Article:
So for women such as them it was absolutely right for Jack Straw to raise this issue. Nobody should feel threatened by his comments; after all, the debate about veils has been raging in the Islamic community for many years. To argue that non-Muslims have no right to discuss it merely reinforces the idea that Muslims are not part of a wider society. It also suggests, wrongly, that wearing the veil affects only Muslims. Non-Muslims have to deal with women wearing a veil, so why shouldn’t their feelings be taken into consideration? I would find it impossible to deal with any veiled woman because it goes so deeply against my own values and basic human instincts. How can you develop any kind of a social relationship with someone who has shut themselves away from the rest of the world?
And if we can’t have a debate about the veil without a vocal minority of Muslims crying “Islamophobia”, how will we face other issues, such as domestic violence, forced marriages, sexual abuse and child abuse that are rife in the Muslim community? These are not uniquely Muslim problems but, unlike other communities, they are never openly debated. It is children and women who suffer as a result.
Many moderate Muslim women in Britain will welcome Mr Straw’s comments. This is an opportunity for them to say: “I don’t wear the veil but I am a Muslim.” If I had been forced to wear a veil I would certainly not be writing this article — I would not have the friends I have, I would not have been able to run a marathon or become an aerobics teacher or set up a business.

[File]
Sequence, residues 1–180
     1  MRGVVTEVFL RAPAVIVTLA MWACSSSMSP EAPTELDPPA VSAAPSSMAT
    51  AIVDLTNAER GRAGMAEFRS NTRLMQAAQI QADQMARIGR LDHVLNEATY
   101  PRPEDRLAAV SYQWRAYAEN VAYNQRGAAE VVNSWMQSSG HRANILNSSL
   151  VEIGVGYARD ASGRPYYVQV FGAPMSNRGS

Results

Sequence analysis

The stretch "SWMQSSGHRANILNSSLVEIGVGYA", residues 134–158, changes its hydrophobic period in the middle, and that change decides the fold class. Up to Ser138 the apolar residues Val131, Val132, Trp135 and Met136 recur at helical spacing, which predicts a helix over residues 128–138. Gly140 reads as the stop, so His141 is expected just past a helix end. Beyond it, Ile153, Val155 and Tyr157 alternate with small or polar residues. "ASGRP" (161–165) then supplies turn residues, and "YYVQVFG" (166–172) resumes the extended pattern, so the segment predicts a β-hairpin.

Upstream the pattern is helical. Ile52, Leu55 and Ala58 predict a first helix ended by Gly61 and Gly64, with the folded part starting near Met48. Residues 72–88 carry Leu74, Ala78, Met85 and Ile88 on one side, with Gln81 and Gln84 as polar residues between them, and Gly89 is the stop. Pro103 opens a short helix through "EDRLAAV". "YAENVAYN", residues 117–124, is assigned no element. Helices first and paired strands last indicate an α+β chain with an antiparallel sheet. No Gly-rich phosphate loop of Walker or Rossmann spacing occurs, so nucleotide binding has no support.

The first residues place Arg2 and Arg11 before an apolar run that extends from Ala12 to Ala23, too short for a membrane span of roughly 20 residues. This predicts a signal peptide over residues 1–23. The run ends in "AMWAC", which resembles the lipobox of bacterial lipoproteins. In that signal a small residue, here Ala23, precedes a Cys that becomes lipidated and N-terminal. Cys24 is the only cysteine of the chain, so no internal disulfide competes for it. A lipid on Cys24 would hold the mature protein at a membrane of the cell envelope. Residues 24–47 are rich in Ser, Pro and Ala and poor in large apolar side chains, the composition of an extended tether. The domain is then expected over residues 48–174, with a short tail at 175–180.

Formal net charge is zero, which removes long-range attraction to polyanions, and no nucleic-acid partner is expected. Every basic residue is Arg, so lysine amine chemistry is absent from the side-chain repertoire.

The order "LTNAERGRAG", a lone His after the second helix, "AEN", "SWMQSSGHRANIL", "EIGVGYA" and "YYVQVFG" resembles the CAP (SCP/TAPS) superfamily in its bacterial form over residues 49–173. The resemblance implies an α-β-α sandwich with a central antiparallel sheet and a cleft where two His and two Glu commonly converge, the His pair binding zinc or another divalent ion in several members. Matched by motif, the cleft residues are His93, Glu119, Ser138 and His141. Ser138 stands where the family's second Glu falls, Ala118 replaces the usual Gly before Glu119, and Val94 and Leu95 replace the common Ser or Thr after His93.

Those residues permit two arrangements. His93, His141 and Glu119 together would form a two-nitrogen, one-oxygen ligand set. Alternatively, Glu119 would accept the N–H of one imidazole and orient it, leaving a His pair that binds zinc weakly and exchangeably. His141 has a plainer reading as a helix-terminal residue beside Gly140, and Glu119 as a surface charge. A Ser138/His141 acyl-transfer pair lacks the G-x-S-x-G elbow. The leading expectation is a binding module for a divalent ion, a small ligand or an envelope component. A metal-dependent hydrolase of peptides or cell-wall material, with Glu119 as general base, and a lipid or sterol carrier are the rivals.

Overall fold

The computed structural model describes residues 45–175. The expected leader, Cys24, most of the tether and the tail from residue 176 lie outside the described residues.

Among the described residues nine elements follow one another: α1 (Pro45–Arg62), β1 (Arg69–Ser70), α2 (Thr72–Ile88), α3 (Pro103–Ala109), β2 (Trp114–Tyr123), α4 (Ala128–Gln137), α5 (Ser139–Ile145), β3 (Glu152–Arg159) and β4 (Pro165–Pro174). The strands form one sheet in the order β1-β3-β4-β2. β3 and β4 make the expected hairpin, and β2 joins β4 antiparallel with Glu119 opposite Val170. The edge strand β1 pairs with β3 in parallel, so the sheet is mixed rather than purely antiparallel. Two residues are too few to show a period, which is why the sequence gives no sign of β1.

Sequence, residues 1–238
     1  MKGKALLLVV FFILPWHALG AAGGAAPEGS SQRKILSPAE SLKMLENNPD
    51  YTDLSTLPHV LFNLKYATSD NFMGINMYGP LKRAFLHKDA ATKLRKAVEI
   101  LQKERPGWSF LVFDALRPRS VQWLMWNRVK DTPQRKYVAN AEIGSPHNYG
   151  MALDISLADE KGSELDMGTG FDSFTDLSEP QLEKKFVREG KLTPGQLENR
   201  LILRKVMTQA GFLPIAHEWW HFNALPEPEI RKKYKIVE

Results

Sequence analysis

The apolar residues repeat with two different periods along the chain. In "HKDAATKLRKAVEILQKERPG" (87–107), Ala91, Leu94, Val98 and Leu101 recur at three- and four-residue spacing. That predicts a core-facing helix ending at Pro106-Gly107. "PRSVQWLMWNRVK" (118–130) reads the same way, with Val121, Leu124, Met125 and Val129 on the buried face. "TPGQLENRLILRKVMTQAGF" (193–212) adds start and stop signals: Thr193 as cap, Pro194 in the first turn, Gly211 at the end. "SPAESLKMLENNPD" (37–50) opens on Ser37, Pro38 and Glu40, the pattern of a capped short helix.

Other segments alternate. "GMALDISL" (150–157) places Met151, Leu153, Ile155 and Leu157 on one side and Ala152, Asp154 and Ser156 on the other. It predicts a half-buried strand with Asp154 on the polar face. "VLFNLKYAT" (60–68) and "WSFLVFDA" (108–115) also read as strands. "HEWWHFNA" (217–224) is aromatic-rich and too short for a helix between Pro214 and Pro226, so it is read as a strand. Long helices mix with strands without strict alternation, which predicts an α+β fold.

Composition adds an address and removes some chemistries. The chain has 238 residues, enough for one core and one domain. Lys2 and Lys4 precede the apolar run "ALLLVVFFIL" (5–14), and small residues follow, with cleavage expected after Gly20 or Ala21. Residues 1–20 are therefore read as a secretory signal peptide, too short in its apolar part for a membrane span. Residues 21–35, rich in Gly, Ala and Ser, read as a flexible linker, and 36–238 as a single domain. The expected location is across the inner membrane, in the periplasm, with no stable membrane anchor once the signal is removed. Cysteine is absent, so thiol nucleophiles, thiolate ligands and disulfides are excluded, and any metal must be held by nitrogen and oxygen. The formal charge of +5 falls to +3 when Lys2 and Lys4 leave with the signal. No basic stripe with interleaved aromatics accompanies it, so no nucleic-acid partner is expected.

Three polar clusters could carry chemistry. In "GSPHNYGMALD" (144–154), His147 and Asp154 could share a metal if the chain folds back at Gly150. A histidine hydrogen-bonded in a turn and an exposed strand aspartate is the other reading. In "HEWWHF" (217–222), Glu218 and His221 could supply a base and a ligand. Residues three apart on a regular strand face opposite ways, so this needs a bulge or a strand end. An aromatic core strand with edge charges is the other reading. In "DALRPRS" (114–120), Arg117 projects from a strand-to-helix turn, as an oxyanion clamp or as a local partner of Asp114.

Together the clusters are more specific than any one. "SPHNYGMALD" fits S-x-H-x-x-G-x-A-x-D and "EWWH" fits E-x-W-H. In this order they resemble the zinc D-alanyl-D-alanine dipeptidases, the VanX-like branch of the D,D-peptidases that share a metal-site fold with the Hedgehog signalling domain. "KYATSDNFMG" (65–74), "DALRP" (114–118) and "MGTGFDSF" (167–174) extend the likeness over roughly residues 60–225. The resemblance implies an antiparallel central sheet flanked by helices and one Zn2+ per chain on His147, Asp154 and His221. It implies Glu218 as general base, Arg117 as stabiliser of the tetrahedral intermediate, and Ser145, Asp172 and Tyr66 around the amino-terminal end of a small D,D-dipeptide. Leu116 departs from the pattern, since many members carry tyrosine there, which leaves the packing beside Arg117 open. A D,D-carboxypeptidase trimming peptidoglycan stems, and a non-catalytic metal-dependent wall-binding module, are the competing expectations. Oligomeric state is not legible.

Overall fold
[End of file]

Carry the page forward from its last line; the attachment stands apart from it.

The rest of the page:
This is my message to British Muslim women — if you want your daughters to take advantage of all the opportunities that Britain has to offer, do not encourage them to wear the veil. We must unite against the radical Muslim men who would love women to be hidden, unseen and unheard.
I was able to take advantage of what Britain has got to offer and I hope Mr Straw’s comments will help more Muslim women to do the same. But my argument with those Muslims who would only be happy in a Talebanised society, who turn their face against integration, is this: “If you don’t like living here and don’t want to integrate, then what the hell are you doing here? Why don’t you just go and live in an Islamic country?”